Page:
TCM Airs Cursed Cult Classic Peeping Tom (1960)


Peeping Tom airs on TCM this Saturday (October 4), as one of this month’s “Cult Films.”

I imagine this will provide many viewers with their first opportunity to view this infamous 1960 Michael Powell movie.


Interestingly, TCM is broadcasting Peeping Tom at 3 pm ET. This British picture’s contemporaneous, and condemnatory, critics might never have believed that, over half a century later, this movie would be beamed, unedited, into homes on a weekend afternoon.

At the Daily Express, Len Mosley wrote, “Neither the hopeless leper colonies of East Pakistan, the back streets of Bombay nor the gutters of Calcutta — has left me with such a feeling of nausea and depression.”

The most famous pan was penned by Derek Hill at the Tribune, who declared:

The only really satisfactory way to dispose of Peeping Tom would be to shovel it up and flush it swiftly down the nearest sewer.

However, viewers hoping for (or dreading) an exercise in raw cinematic gore based on those old reviews will be surprised.

Instead, as Mark Chapman writes at the Bright Lights Film Journal, modern audiences are more likely to think of Peeping Tom “as a dark-hearted, midnight fantasia of ecstatic sadism, voyeurism, and psychosis”:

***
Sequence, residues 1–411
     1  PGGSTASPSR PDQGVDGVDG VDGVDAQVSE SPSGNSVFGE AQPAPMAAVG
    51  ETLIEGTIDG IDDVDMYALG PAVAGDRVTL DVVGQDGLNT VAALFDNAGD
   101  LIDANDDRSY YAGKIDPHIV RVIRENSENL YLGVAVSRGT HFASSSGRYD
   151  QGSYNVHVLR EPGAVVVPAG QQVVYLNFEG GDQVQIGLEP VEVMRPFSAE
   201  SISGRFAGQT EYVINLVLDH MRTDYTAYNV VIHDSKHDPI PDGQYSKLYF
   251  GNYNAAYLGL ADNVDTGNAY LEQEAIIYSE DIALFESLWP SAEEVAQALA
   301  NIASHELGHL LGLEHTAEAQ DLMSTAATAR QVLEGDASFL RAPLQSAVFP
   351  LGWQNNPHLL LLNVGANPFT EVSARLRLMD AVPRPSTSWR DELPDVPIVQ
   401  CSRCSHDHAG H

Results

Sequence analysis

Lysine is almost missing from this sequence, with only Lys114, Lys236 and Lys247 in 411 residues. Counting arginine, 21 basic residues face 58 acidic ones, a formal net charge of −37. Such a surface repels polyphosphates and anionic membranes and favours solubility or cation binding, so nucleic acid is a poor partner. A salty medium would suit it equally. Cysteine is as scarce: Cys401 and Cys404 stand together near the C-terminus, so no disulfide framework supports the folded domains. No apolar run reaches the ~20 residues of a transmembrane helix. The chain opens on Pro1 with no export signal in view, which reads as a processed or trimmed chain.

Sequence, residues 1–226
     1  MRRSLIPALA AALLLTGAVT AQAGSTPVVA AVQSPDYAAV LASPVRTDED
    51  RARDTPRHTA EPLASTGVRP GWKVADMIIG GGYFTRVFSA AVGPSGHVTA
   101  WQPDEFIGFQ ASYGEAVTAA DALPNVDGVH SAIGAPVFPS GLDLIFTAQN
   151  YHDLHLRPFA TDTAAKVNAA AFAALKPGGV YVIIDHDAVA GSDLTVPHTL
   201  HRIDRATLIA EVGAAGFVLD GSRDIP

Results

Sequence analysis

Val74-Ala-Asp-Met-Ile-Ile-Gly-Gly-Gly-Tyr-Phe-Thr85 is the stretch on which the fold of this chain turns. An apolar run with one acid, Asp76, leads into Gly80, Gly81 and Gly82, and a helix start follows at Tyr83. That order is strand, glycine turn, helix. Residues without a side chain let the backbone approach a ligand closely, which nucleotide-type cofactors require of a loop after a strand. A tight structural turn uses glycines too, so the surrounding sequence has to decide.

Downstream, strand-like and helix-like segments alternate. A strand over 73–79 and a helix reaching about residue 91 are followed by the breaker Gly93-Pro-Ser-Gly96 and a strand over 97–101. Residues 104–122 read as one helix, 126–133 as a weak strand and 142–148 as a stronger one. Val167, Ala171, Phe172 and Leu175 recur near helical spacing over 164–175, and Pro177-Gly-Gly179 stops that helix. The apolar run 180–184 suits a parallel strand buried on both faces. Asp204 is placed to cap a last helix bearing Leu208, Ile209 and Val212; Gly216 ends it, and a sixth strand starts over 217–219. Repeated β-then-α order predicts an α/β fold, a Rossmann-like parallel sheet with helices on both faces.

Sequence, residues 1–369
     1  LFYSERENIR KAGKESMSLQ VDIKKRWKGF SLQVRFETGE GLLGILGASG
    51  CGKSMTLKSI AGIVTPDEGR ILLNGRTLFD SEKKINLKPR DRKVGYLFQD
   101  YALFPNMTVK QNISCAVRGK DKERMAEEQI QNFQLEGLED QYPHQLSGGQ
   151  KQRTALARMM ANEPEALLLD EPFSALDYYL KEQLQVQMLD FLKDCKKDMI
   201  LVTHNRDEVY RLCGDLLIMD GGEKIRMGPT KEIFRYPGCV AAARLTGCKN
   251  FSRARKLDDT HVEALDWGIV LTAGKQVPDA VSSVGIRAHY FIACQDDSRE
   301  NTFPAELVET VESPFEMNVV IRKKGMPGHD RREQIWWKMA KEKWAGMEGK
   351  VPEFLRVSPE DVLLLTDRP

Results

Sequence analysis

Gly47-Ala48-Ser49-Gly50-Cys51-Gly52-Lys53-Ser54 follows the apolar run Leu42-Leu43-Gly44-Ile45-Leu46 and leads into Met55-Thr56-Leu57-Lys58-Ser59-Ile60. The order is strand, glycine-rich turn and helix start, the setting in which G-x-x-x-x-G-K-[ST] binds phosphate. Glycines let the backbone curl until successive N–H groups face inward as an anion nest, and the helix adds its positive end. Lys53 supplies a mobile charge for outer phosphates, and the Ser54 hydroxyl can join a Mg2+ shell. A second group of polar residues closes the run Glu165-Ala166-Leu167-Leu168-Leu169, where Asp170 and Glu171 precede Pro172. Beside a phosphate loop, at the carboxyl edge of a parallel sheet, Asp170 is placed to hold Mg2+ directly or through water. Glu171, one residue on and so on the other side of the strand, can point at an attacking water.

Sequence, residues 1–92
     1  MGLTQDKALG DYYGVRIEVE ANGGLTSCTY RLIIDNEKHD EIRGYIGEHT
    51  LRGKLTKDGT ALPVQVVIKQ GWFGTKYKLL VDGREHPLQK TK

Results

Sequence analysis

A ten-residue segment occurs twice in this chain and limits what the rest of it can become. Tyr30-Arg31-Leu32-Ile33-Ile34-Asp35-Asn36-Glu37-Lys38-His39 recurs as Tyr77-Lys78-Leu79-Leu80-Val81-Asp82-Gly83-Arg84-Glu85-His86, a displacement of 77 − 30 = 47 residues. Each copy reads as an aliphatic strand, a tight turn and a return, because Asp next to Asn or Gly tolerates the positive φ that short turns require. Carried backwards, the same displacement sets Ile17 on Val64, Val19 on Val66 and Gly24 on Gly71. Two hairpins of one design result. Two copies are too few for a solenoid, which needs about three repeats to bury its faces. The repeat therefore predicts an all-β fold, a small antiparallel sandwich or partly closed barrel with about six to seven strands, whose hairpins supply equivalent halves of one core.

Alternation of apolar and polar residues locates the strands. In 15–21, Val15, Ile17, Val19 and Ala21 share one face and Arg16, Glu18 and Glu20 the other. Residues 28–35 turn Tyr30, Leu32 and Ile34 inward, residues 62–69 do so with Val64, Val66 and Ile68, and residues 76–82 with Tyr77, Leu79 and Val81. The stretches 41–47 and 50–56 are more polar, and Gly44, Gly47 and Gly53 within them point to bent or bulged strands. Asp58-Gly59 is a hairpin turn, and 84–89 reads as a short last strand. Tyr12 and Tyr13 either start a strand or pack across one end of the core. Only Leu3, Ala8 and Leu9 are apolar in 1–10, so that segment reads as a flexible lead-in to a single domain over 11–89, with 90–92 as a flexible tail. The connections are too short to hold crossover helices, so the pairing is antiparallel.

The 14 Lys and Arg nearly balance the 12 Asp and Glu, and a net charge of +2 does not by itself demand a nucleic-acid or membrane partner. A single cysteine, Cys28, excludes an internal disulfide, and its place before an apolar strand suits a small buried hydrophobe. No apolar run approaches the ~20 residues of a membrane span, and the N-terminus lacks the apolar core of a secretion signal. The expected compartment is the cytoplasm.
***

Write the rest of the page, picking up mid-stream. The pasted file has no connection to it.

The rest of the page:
Eschewing the documentary-style realism of British cinema popular in the early 1960s in favour of garish Technicolor, Peeping Tom centres on filmmaker Mark Lewis (Carl Boehm), a quiet, unassuming young man who, when not crewing as a focus puller at a nearby movie studio, obsessively works to complete his own nightmarish project: a documentary film composed of the reactions of women as he murders them.


Furthermore, Mark’s weapon of choice is “the spiked leg of a tripod attached to his 16mm camera, upon which he has also mounted a mirror so that his victims are forced to watch their own contorted faces as they expire.”

Yes, that undeniably unique conceit looks on film as awkward and goofy as it sounds on paper, but it suits Powell’s purposes, and that of his screenwriter, wartime cryptographer Leo Marks:

The film is an exploration of voyeurism in general, and cinematic voyeurism in particular.

Like many neurotic introverts, Mark only feels comfortable when viewing the world (especially the world of women) through a glass lens.

Behind the safety of his camera, this awkward man-boy suddenly becomes authoritative — confident enough even to kill.

And we’re behind the camera, too, in a number of POV shots, involuntarily seeing the world through Mark’s viewfinder.

Powell forces us to confront our own culpability.

If we find Mark’s actions so disturbing, why are we still watching them, and getting a little undeniable thrill in the process?